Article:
What is gender identity? 'Bathroom bill' lawsuits offer opposing views.

The suits filed by North Carolina and the Department of Justice Monday reveal profoundly different understandings of both gender identity and  interpretation of civil rights law.

Gerry Broome/AP
Joaquin Carcano, shown at his home in Carrboro, N.C., is a transgender man who works for the University of North Carolina at Chapel Hill. After HB 2 passed, he says he found himself in a difficult position because there were no single-use restrooms on his floor.

For North Carolina Gov. Pat McCrory, the concept of “gender identity” doesn’t make legal sense. It’s not only unclear and ill-defined, he said, it also upends the long-held definitions many Americans have had about gender and traditions of modesty and privacy.

And for most of the supporters of North Carolina’s controversial “bathroom bill,” gender identity, if it has any meaning at all, is a matter of biology and clearly marked at birth.

Less than a decade ago, such a position about gender identity would hardly have generated the maelstrom now centered over North Carolina. But as the nation continues down a path of profound social upheaval over matters of sexuality and personal identity, opponents of the law see older notions of immutable, biological gender as the root of discrimination.

Indeed, over the past few years, American attitudes toward the country’s estimated 700,000 transgender residents have undergone a significant shift. From pop culture to the country’s business culture to the significant changes in many state federal policies, transgender people have emerged from the shadows of American life to become more visible. And like gays and lesbians decades ago, such visibility began to affect the country’s changing social mores.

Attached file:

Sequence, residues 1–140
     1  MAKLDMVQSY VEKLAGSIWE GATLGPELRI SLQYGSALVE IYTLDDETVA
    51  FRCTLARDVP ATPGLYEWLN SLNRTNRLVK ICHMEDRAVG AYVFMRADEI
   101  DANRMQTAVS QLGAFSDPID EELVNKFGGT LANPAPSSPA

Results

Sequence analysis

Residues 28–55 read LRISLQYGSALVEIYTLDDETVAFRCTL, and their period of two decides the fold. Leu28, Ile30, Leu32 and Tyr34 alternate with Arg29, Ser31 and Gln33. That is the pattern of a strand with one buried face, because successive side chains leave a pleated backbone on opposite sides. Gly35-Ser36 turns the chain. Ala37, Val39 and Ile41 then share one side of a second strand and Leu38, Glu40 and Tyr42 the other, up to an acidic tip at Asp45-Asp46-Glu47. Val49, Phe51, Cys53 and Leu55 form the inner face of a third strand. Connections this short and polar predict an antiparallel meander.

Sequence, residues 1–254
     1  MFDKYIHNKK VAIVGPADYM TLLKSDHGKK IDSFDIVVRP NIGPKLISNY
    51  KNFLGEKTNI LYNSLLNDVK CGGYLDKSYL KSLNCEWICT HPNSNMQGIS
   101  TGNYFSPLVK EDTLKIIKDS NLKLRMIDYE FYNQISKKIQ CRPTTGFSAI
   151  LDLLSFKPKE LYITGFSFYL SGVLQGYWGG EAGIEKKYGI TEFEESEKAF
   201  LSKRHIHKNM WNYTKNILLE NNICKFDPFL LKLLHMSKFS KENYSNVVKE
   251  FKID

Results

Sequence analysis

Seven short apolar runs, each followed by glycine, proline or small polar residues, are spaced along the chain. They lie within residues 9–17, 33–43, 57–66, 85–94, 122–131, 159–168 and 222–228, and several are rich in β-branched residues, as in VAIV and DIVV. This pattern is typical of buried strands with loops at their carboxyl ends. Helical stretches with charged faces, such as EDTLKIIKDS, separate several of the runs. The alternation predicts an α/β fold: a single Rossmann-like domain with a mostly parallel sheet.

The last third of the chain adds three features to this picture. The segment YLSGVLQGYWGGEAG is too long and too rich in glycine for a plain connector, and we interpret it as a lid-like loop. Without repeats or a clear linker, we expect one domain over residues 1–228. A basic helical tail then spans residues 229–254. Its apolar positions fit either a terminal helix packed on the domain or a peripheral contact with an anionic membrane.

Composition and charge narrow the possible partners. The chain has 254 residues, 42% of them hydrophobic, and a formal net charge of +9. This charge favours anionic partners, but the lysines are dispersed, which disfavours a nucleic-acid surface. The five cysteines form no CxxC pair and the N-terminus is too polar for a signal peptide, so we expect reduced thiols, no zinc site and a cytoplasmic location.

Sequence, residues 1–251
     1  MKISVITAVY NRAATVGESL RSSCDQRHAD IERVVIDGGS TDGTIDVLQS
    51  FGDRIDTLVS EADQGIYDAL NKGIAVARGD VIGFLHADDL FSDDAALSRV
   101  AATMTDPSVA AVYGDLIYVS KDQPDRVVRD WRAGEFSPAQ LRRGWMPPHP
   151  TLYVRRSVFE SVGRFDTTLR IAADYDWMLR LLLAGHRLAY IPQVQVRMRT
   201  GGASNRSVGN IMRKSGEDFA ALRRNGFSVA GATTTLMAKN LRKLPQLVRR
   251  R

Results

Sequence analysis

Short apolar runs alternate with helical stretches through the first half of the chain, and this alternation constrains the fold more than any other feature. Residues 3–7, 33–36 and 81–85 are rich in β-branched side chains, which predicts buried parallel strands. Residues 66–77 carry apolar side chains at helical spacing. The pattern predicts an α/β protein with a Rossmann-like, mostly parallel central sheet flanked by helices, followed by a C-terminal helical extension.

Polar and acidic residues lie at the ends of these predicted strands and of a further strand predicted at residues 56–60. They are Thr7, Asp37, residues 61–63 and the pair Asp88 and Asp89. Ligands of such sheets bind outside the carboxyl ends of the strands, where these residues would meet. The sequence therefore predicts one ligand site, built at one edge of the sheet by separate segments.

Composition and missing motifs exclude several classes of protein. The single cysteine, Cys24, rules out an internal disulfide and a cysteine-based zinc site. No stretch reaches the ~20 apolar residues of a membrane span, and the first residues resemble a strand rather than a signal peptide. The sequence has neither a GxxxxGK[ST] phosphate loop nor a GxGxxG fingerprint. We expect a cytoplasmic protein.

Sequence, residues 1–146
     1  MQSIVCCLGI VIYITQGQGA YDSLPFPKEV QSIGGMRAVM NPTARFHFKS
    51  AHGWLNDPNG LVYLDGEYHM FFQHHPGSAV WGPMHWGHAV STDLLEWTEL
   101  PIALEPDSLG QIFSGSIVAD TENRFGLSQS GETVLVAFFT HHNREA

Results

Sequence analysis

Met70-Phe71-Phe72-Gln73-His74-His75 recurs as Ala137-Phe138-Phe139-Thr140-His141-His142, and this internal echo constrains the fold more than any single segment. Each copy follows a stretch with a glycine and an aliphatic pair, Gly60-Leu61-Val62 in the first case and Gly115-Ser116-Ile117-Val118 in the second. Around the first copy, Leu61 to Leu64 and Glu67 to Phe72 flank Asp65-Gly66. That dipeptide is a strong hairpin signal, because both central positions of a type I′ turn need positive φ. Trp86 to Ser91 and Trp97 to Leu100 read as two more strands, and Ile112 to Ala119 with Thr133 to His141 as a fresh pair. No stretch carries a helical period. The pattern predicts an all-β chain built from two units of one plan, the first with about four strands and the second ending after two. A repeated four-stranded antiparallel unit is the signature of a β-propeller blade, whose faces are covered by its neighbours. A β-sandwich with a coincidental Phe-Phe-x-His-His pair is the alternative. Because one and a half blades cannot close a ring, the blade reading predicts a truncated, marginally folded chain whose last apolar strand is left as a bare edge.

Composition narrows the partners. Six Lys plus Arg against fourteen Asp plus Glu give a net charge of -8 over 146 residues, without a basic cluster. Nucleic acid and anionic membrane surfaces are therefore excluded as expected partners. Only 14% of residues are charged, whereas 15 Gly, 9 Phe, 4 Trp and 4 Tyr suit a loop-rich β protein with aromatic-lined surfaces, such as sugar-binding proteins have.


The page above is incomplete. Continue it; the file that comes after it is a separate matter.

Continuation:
“In the bigger picture, I think the status of transgender individuals is sort of what the status of lesbian and gay individuals was 30-35 years ago,” says Steve Sanders, professor at the Indiana University Maurer School of Law in Bloomington and an expert on issues pertaining to sexuality and the law. “Among many people, the phenomenon of gender identity is still frequently misunderstood – just like the phenomenon of sexual orientation was misunderstood.”

But the nation’s cultural rifts were laid bare Monday when Governor McCrory, a conservative Republican up for reelection this year, doubled down to defend his state’s controversial law, known as HB 2, which requires that all individuals use only those facilities that correspond to their gender at birth.

His administration filed a preemptive lawsuit against the United States Justice Department early Monday, arguing in no uncertain terms that “transgender status” is not a protected category under the nation’s civil rights laws. The Department’s definition of gender identity, the lawsuit said, was a “baseless and blatant overreach” that stemmed from a “radical reinterpretation” of the 1964 Civil Rights Act, which neither mentions nor defines the status of transgender people."This is now a national issue that applies to every state and it needs to be resolved at the federal level,” McCrory said in a statement.

Hours later, Attorney General Loretta Lynch filed a countersuit, saying North Carolina “created state-sponsored discrimination against transgender individuals, who simply seek to engage in the most private of functions in a place of safety and security – a right taken for granted by most of us.”